• the relativistic quantum field theory of electrons, positrons and photons.

Purdue QuarkNet Summer Workshop


Quantum chromodynamics

Quantum Chromodynamics

  • Quarks carry one of three “color charges”

    • But we can’t observe them directly… the hadrons are colorless combinations of quarks.

  • We can define how to label the colors differently at each point in space.

  • To keep the model unchanged we have to add new particles:

    • We need to add 8 of them

    • We call them “gluons”

    • They must have spin-1

    • They must be massless

  • As far as we can tell, they are…

  • This seems to be a perfect description of the strong force

Purdue QuarkNet Summer Workshop


Weak interactions

Weak Interactions

  • QED and QCD work so well that we use these ideas to describe other “symmetries”…

  • As far as the weak interaction is concerned, the up and down quarks are the same.

    • We can tell them apart by means of their electric charge, but the weak force doesn’t care about electric charge.

  • Same with the electron and the electron neutrino

    • We can tell them apart because they have different mass and charge, but the weak interaction doesn’t care.

Purdue QuarkNet Summer Workshop


Example2

Example

  • The electron (spin ½) looks like a little magnet:

  • In quantum mechanics it can be in one of two states: up or down

    • Remember the hydrogen atom and Pauli’s exclusion principle?

  • Either way, we still call it an electron and nature might not care which way we label as “up”.

Purdue QuarkNet Summer Workshop


Weak interactions1

Weak Interactions

  • The weak interaction doesn’t care which quarks are “up” or “down”

    • We could define this differently at each point in space

  • To make the theory invariant we have to add new particles:

    • This time there are three of them:

    • They have to have spin 1

    • They have to be massless

  • Experimental measurements show that they are not massless… in fact they are extremely massive!

Purdue QuarkNet Summer Workshop


The higgs mechanism 1968

The Higgs Mechanism (1968)

  • Suppose the weak gauge bosons really were massless

  • Add another set of fields that they interact with which gives the same effect as mass:

    • A massless particle travels at the speed of light

    • Massless particles that “stick” to the Higgs field are slowed down

    • Photons and gluons don’t couple to the Higgs field so they remain massless.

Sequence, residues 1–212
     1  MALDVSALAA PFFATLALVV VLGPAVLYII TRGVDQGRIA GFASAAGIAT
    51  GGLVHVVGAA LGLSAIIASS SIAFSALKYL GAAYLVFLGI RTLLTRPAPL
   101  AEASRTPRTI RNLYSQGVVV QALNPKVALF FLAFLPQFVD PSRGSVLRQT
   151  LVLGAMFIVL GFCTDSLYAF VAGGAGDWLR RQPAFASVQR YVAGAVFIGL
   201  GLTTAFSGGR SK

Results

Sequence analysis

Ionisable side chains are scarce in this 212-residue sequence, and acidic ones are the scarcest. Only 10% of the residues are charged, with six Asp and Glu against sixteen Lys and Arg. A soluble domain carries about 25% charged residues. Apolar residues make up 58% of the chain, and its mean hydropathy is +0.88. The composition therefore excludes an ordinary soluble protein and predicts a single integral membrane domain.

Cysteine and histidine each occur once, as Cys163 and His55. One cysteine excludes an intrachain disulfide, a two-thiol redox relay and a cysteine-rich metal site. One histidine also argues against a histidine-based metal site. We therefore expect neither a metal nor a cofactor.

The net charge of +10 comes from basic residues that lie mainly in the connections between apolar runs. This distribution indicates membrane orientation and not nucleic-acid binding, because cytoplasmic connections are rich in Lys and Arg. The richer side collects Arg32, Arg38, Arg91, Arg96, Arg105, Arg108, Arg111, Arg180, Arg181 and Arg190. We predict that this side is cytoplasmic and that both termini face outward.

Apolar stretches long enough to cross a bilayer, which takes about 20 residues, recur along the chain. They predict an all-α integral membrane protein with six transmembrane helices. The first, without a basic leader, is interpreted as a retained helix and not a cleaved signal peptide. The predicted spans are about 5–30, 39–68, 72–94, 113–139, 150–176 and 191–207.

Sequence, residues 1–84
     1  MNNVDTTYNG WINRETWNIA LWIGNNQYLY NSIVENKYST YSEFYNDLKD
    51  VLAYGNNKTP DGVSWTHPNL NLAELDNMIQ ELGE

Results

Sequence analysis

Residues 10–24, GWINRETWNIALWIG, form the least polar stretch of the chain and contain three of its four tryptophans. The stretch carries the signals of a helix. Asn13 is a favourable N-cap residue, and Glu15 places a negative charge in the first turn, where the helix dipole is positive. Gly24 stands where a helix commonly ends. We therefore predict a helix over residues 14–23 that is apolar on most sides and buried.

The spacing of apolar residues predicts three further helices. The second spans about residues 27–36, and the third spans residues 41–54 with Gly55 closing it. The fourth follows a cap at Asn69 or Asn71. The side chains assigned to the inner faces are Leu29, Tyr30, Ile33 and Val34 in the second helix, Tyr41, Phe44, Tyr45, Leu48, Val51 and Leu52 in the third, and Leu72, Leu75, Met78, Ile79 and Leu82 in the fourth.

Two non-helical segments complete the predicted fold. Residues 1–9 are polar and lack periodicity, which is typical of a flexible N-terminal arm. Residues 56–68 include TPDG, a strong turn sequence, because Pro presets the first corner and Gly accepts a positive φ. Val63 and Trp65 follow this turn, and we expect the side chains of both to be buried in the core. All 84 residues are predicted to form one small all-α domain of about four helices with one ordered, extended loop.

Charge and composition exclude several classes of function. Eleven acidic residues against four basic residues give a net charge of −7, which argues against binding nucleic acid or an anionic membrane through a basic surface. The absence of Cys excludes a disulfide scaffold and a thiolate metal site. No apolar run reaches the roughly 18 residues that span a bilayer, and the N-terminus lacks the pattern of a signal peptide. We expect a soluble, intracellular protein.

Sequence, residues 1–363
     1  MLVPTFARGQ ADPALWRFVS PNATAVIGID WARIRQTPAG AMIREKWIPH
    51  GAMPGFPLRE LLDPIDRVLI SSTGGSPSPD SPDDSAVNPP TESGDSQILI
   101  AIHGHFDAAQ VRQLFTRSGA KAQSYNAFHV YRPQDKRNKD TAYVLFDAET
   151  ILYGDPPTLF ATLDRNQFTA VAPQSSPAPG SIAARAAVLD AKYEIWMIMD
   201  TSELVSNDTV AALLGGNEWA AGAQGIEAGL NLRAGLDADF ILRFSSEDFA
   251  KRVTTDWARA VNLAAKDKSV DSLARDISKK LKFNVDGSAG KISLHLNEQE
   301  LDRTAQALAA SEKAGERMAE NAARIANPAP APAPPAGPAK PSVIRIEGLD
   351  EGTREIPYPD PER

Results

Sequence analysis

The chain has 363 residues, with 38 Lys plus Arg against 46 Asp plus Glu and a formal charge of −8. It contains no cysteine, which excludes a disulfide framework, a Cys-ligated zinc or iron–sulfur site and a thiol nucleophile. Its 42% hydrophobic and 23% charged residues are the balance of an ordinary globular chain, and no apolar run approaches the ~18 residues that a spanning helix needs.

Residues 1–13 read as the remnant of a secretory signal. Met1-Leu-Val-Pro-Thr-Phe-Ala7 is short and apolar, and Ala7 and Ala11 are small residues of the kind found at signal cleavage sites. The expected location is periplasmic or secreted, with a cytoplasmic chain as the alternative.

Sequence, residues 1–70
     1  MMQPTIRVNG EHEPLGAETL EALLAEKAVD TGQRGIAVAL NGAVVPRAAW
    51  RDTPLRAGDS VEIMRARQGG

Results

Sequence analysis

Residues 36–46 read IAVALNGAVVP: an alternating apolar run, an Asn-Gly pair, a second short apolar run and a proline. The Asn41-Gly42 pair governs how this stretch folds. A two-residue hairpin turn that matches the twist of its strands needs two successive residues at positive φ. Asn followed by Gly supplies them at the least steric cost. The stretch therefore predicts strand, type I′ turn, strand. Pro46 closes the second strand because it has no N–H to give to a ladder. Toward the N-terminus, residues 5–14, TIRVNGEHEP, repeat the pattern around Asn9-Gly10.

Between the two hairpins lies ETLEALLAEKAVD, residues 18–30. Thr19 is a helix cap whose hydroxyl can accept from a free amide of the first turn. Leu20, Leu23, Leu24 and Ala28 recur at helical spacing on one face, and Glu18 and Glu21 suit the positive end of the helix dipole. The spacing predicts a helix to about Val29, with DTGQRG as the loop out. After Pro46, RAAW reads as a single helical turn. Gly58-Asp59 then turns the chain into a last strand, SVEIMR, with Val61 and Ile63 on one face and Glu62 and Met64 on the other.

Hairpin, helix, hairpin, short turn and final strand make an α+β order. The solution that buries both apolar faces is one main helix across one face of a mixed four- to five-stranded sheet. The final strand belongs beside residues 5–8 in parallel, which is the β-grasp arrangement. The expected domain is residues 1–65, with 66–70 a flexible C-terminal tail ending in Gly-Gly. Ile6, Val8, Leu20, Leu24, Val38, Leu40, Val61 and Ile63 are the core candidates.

• But, we need to find a non-zero Higgs field at each point in space,

    • While keeping the whole model gauge invariant…

    • How can we do this?

Purdue QuarkNet Summer Workshop


Potential energy

Potential Energy

  • Interactions ↔ Forces ↔ Potential energy

  • The lowest energy is at the bottom of a potential well:

  • In this case the minimum is when … no good.

)

Purdue QuarkNet Summer Workshop


Potential energy1

Potential Energy

  • The potential doesn’t have to be a parabola:

  • It looks parabolic near the point of minimum energy

  • This time, the field is not zero!

    • We call this the “vacuum expectation value”

Purdue QuarkNet Summer Workshop


The standard model1

The Standard Model

  • Start with massless quarks and leptons

  • Group them into up-down pairs

  • Add massless gauge bosons

  • Add a Higgs field

    • Give it a potential energy with a non-zero vacuum expectation value

  • Voila!

    • Massive quarks and leptons

    • Massive gauge bosons

Purdue QuarkNet Summer Workshop


The standard model2

The Standard Model

  • In most cases, “mass” has been replaced by “couplings” to the Higgs field:

    Etc…

  • Some non-trivial predictions:

  • Ratios constrained by the “weak mixing angle”

    • Excellent agreement with experimental data!

  • Testing this was the primary purpose of the LEP collider program at CERN in the 1990’s.

Purdue QuarkNet Summer Workshop


Where s the higgs

Where’s the Higgs?

  • If the Higgs field is real, we should be able to excite it and make a Higgs boson

  • We don’t know its mass…

  • How it decays depends on its mass… but it likes to couple to heavy things…

t

or

Purdue QuarkNet Summer Workshop


How would the higgs decay

How Would the Higgs Decay?

Purdue QuarkNet Summer Workshop


Searches at the tevatron

Searches at the Tevatron

Better description of the data

Purdue QuarkNet Summer Workshop


Higgs searches at the lhc

Higgs Searches at the LHC

  • is rare, but very clean:

Purdue QuarkNet Summer Workshop


Recent observation at the lhc

Recent Observation at the LHC

Purdue QuarkNet Summer Workshop


Is it the higgs

Is it the Higgs?

  • How to check?

    • Is its coupling strength proportional to mass?

    • Is it spin zero?

    • Does it decay in all the ways we expect?

  • Still some open questions:

    • The Higgs couples to itself… what keeps the Higgs mass from getting too big?

    • Neutrinos do have mass…

    • Still no good ideas for quantizing gravity or explaining dark matter

    • As usual, we can solve these problems by adding new particles to the theory.

      • So far we see no evidence for any of them.

Purdue QuarkNet Summer Workshop


The higgs boson observation probably

M ≈ 125 GeV

Purdue QuarkNet Summer Workshop


  • Login